This article first appeared in the St. Louis Beacon: September 9, 2008 - I can remember when I was a Boy Scout being instructed by my scout master that if I ever got lost in the woods without a compass, I should look to see what side of a tree had moss growing on it (the idea being, I suppose, that in the Northern Hemisphere the north side of a tree get the least sun, and that mosses favor this shade). That turns out to be a real lousy way to tell direction. What I should have been told, I learned last week, was to look for a grazing cow.
This particular story has an interesting beginning. Professor Sabine Begall of the University of Duisburg in Germany had been studying naked mole rats - blind hairless animals no bigger than a baby's fist that live underground as members of large family groups. Mole rats show a high degree of cooperative behavior and are the subject of much research by behavioral biologists.
One observation has always been very puzzling: Mole rats almost always build their nests on the south side of their tunnels. Now think about that. The tunnel is underground, and the mole rats are blind - so how do they know what direction is south?
Professor Begall set out to look into this.
She first asked a simple question: Do other mammals also have the ability to perceive magnetic fields or is this a special trick of mole rats?
As a way of getting a handle on this, she took a brilliantly simple approach, asking the question in quite a different way. Using Google Earth, a website that stitches together high-resolution satellite photographs to produce an up-close look at Earth's surface, Begall looked for camp sites. When she found them, she examined the sites to see whether the tents were oriented haphazardly or tended to be oriented in a particular direction. In essence, she was asking whether humans are able to sense Earth's magnetic field, as mole rats seem to do.
The problem was, you couldn't make out the tents clearly enough to be sure of their direction. A lot of them were round, and many of the others were the same color as their surroundings and so hard to see.
But as Begall looked at the pictures, she noticed that it WAS possible to clearly see cattle grazing in nearby fields. What about cows, she asked herself. Do they orient themselves in any particular direction? She studied images of thousands of cattle, grazing in different places at different times of day so that effects of sun warming and wind chill didn't confuse the results.
So, do they orient themselves to Earth's magnetic field?
Overall, grazing cattle do align themselves in a north-south direction. Somehow they seem to know which way north is. Are they sensing Earth's magnetic field? It seems so.
Earth's magnetic pole is actually located quite a ways from the geographic north pole at the top of Earth's sphere, and at high latitudes a cow pointing at one can be clearly distinguished from a cow pointing at the other. Begall found that cows at high latitudes point to the magnetic pole.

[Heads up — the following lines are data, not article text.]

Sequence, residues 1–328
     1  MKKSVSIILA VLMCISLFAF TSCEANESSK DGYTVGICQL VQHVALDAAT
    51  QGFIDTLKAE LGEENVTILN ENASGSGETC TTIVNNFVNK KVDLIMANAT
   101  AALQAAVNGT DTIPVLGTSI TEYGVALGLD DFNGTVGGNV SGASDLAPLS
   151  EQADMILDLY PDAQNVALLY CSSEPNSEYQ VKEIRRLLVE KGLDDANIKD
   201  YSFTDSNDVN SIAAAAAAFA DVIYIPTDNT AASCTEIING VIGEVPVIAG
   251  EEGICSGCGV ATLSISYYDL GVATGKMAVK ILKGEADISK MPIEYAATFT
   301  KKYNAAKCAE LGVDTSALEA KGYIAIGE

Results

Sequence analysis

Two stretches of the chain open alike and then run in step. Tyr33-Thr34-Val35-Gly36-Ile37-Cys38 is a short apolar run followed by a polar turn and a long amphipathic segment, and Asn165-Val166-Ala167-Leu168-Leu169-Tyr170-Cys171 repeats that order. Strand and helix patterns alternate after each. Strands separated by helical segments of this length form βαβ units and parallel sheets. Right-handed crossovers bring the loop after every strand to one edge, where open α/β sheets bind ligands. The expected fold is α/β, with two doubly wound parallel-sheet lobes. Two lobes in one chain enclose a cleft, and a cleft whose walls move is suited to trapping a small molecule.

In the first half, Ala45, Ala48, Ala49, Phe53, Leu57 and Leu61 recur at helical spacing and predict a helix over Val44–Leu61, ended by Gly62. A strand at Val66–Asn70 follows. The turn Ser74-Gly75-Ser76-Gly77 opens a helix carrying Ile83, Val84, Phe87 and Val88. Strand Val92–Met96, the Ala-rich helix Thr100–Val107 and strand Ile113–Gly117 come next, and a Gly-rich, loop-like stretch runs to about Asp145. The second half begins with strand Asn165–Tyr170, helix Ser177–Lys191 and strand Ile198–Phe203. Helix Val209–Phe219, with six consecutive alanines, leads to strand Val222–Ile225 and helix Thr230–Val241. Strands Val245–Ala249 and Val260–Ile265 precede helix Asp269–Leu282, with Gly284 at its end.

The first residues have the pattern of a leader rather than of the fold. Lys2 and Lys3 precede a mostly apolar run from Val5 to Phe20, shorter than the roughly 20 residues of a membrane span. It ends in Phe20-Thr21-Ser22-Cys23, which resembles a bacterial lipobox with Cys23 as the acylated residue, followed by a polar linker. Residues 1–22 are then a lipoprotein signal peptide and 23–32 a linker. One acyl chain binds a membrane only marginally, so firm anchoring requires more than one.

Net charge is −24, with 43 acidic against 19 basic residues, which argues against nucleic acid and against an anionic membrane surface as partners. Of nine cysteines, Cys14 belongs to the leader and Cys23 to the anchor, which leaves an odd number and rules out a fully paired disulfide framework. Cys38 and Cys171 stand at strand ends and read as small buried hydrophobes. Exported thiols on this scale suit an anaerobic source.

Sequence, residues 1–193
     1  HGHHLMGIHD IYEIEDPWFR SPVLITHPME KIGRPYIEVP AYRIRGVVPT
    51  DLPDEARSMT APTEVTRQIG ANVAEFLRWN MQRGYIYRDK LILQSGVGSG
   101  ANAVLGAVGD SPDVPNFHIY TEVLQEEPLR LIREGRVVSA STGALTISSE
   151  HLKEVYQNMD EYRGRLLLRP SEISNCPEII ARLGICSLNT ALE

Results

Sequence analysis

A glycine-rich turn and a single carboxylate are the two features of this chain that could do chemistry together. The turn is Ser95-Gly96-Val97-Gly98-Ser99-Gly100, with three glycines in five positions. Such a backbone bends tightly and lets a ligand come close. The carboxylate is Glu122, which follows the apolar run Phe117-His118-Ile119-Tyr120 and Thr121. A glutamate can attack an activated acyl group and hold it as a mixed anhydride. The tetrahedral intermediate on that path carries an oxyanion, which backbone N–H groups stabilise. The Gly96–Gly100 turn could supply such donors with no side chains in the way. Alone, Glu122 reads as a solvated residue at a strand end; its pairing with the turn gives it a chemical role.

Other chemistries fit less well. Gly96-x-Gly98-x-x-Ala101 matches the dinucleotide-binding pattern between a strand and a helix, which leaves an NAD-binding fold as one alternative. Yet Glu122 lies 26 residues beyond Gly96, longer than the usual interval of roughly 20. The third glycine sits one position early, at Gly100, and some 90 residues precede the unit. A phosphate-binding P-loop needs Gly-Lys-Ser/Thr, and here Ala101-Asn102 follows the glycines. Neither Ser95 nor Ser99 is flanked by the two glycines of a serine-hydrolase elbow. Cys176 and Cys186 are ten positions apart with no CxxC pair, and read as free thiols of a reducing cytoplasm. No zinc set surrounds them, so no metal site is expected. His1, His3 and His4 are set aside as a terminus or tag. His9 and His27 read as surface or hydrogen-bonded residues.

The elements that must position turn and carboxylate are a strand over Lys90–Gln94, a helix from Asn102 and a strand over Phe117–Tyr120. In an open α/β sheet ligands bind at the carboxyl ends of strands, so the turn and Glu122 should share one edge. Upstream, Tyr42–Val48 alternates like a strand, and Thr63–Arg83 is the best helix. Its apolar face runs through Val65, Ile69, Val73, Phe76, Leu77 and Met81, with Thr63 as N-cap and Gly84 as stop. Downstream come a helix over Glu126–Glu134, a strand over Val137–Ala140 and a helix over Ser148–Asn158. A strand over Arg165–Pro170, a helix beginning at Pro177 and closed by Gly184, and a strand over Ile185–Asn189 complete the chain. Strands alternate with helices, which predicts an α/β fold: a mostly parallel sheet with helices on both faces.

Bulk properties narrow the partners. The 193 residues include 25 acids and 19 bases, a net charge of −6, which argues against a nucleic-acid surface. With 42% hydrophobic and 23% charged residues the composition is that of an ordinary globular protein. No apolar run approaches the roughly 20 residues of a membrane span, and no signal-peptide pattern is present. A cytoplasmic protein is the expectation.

Are the cows actually looking north? It's difficult to tell from Google Earth images - one end of a cow looks much like the other.
To sort this out, Begall used data collected by colleagues in the Czech Republic on the grazing behavior of red deer (the large antlers are clearly visible at the head end of the animals). Czech deer look north.
How in the world do mole rats and cows detect Earth's magnetic field? Perhaps they do as birds do.
Many migrating birds have the ability to detect Earth's magnetic field and to orient themselves with respect to it. In a closed indoor cage, they will attempt to move in the direction of their migration, even though there are no visible external cues. However, if you place a powerful magnet near the cage, you can alter the direction in which the birds attempt to move. Researchers have found tiny amounts of magnetite, a magnetized iron ore, in the heads of some birds, but have not been able to identify any sensory receptor using the ore.
Current investigations searching for the magnetic receptor focus on the eye. In mole rats there are suggestions of tiny particles of magnetite in the cornea of their rudimentary eyes. But until an actual magnetic receptor is found that can send signals to the brain, the matter remains a mystery to which no human knows the answer. But cows do.
About the author
George B. Johnson's "On Science" column looks at scientific issues and explains them in an accessible manner. There is no dumbing down in Johnson's writing, rather he uses analogy and precise terms to open the world of science to others.
Johnson, Ph.D., professor emeritus of Biology at Washington University, has taught biology and genetics to undergraduates for more than 30 years. Also professor of genetics at Washington University’s School of Medicine, Johnson is a student of population genetics and evolution, renowned for his pioneering studies of genetic variability.
He has authored more than 50 scientific publications and seven texts, including "BIOLOGY" (with botanist Peter Raven), "THE LIVING WORLD" and a widely used high school biology textbook, "HOLT BIOLOGY."
As the founding director of The Living World, the education center at the St Louis Zoo, from 1987 to 1990, he was responsible for developing innovative high-tech exhibits and new educational programs.
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